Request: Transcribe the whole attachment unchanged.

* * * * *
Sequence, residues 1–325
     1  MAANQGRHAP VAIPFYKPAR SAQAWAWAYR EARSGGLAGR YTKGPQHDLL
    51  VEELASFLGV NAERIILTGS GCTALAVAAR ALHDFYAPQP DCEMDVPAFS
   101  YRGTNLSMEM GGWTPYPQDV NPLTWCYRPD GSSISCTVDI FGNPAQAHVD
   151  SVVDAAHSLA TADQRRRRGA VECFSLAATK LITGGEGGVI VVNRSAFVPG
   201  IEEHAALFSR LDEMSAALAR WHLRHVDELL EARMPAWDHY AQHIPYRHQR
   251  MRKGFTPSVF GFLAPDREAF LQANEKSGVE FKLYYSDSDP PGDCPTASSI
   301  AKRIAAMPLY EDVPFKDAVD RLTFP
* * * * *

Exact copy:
Sequence, residues 1–325
     1  MAANQGRHAP VAIPFYKPAR SAQAWAWAYR EARSGGLAGR YTKGPQHDLL
    51  VEELASFLGV NAERIILTGS GCTALAVAAR ALHDFYAPQP DCEMDVPAFS
   101  YRGTNLSMEM GGWTPYPQDV NPLTWCYRPD GSSISCTVDI FGNPAQAHVD
   151  SVVDAAHSLA TADQRRRRGA VECFSLAATK LITGGEGGVI VVNRSAFVPG
   201  IEEHAALFSR LDEMSAALAR WHLRHVDELL EARMPAWDHY AQHIPYRHQR
   251  MRKGFTPSVF GFLAPDREAF LQANEKSGVE FKLYYSDSDP PGDCPTASSI
   301  AKRIAAMPLY EDVPFKDAVD RLTFP